The third arena of quality management results from the requirements for quality management by standards, laws and customers. All those involved have to ask themselves critically: does quality management, with regard to conformity with standards, guidelines and laws, have protection of the status quo against any changes and alterations that other departments of the company are exposed to?
In other words: can quality management rely on everything remaining the same? Are there perhaps forces that are working to tear down the ivory tower, insofar as quality management considers itself to be in one or is seen by others to be in one? Then the question arises as to whether quality management is still involved in discussions about the necessary change in the company or about future business models.
It may seem easier not to be involved in controversial and emotionally charged discussions about future business areas. Perhaps it is also not the strength of every quality manager to get involved and contribute to these topics when, at the same time, demands from outside, i.e. customer pressure, keep him fully occupied.
But what if these requirements have something to do with the fact that the business partner is also thinking about his business model and now new demands on the quality management of the supplier arise from this? Wouldn’t it be better to be prepared for these customer expectations by actively participating in internal discussions within the company? In times of digitalization and digital transformation of entire processes, the quality manager’s task is to master this thin line between external influences and active participation in the company. No easy task, mind you.
This arena therefore logically follows the first two and ensures acceptance of quality management in times of change. It is also an active contribution to the development of the new job description of a quality manager. This results in prioritized tasks with great potential for the future. Not only because the quality manager has to cope with constantly growing demands, but also because he or she has to ensure that his or her work remains relevant to the success of the company.
The first arenas have already shown: The demands placed on quality managers have continued to increase in recent years. this goes so far that today it is almost impossible for a single person to meet all the requirements. And this is also part of the problem: pressure for efficiency as well as tight personnel budgets do not leave quality management unaffected and often the remaining team is only focused on operational reaction.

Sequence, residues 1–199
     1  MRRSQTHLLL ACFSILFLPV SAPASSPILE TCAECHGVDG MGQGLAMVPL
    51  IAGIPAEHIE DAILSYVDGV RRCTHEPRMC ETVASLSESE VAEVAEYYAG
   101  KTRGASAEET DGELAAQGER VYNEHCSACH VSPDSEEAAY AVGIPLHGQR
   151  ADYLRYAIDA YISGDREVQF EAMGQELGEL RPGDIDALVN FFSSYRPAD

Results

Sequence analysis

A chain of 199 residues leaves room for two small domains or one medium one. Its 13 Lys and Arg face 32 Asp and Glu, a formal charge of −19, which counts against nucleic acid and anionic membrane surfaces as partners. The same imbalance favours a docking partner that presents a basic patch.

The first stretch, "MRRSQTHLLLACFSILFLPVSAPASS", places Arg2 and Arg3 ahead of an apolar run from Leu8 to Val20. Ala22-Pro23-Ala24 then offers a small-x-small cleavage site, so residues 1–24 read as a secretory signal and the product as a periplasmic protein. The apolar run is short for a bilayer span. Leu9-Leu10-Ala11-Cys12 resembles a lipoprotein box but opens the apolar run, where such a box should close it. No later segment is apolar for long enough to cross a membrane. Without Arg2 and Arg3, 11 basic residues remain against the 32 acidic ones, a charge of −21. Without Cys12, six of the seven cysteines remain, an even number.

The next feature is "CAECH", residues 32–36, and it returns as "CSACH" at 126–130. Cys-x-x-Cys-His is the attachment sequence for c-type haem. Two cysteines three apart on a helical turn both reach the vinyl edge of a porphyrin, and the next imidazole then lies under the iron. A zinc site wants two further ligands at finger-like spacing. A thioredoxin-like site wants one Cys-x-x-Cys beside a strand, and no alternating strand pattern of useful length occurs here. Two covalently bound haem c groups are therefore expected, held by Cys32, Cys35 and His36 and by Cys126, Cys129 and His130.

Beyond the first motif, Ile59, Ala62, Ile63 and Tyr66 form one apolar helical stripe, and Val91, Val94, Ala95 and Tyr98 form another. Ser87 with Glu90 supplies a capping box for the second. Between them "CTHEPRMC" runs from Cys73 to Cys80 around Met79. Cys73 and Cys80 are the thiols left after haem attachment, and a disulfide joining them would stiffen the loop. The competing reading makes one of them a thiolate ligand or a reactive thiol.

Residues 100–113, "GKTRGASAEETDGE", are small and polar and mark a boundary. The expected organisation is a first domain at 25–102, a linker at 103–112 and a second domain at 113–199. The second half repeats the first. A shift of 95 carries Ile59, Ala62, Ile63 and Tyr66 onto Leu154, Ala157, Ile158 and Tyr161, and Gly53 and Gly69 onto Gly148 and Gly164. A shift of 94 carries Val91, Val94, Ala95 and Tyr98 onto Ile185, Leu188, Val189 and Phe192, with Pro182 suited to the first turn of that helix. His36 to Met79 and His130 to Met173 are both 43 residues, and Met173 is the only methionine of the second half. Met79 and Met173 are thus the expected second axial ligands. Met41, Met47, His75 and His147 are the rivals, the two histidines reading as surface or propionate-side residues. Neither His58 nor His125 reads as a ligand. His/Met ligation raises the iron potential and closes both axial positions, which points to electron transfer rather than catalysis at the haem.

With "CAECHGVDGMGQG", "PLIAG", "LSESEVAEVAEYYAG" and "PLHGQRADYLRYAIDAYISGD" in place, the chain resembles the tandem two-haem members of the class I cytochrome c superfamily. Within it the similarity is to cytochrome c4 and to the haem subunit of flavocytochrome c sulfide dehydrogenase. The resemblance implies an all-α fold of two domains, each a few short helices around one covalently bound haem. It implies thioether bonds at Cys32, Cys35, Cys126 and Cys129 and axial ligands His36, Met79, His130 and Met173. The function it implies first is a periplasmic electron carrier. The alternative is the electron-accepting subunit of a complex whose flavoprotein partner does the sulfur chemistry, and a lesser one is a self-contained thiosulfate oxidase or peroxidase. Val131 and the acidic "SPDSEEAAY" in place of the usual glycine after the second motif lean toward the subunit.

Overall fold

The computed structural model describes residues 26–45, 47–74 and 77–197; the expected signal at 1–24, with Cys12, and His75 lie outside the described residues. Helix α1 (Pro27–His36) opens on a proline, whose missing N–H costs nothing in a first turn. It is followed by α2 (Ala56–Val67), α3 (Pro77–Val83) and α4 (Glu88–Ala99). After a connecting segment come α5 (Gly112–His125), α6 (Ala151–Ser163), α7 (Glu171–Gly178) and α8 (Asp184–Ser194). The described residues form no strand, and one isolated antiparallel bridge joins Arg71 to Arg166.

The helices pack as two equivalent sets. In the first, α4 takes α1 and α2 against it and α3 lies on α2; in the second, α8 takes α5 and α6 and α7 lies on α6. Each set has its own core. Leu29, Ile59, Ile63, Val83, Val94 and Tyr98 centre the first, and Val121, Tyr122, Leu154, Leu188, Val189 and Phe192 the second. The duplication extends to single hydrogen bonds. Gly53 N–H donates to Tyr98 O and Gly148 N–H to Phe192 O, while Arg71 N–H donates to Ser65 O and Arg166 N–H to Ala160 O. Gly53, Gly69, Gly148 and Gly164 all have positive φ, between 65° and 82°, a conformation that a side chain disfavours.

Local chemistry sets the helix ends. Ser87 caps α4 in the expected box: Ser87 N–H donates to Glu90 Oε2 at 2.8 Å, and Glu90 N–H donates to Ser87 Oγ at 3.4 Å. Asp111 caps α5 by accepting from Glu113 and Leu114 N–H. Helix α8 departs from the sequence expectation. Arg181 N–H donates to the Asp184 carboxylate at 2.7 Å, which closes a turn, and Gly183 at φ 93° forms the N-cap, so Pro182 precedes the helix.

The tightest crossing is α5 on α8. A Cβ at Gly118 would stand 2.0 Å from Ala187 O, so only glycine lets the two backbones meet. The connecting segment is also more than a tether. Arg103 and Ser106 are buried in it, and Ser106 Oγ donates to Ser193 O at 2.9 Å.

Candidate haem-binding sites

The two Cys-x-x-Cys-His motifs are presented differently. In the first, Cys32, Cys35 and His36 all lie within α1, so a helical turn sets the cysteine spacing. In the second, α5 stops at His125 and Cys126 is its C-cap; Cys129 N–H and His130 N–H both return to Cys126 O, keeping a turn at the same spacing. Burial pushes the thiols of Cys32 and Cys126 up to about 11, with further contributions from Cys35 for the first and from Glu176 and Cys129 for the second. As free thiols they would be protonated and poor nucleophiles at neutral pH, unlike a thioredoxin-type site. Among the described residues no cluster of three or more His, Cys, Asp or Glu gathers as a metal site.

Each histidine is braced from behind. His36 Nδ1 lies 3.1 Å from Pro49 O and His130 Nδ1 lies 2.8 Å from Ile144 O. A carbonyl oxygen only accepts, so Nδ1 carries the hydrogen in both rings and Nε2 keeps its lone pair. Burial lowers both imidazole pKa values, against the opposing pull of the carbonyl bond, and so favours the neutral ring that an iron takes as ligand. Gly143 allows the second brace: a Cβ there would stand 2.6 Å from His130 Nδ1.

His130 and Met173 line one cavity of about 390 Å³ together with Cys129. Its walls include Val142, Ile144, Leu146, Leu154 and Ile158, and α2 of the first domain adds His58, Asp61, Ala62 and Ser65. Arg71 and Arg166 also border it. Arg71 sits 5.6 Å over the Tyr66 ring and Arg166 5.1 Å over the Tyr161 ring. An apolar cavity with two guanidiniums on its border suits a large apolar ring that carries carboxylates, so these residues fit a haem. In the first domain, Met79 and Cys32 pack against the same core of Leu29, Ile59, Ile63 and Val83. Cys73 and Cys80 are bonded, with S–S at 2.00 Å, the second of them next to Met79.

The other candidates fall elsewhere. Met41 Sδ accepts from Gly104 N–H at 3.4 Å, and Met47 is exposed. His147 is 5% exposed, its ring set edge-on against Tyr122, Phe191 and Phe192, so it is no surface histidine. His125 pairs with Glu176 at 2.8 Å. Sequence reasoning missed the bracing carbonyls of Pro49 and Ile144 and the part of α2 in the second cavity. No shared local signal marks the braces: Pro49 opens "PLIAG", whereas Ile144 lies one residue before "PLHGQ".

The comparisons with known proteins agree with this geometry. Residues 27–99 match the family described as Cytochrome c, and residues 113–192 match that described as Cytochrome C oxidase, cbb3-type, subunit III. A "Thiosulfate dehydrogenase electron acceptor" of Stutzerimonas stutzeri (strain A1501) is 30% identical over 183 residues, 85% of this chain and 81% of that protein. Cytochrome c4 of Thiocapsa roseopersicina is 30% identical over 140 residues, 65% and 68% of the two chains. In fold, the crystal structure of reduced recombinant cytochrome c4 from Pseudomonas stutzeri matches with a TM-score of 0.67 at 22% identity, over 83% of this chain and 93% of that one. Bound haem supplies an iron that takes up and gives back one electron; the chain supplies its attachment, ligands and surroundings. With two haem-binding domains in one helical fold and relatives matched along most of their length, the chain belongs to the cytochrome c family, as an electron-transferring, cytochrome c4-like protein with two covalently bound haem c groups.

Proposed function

More complex products and methods make it increasingly difficult to assess product and process quality. In addition, there are numerous industry-specific quality standards and growing customer requirements to which companies must respond. For a single person, the multitude of tasks arising simply cannot be mastered. After all, there is no such thing as the egg-laying wool-milk sow in quality management. In order to cope with change, the job description of the Q-manager must therefore be realigned, perhaps even completely redefined.
Of course, the quality manager must deal with everyday quality assurance and take into account the constantly increasing standard requirements. However, in terms of protection of the status quo it should also be a central task to continuously improve business processes and maintain the quality management system. The quality manager can contribute to the strategic development of the company with his insights and experience: Employees are trained by him and sensitized to the topic of quality, so that quality is not only heard, but also makes an active contribution to shaping the company. Quality management is value management and serves the long-term and sustainable increase in value for customers, investors and other legitimate stakeholders. This awareness is required to first position the company strategically and then to align it step by step and in a benefit-oriented manner.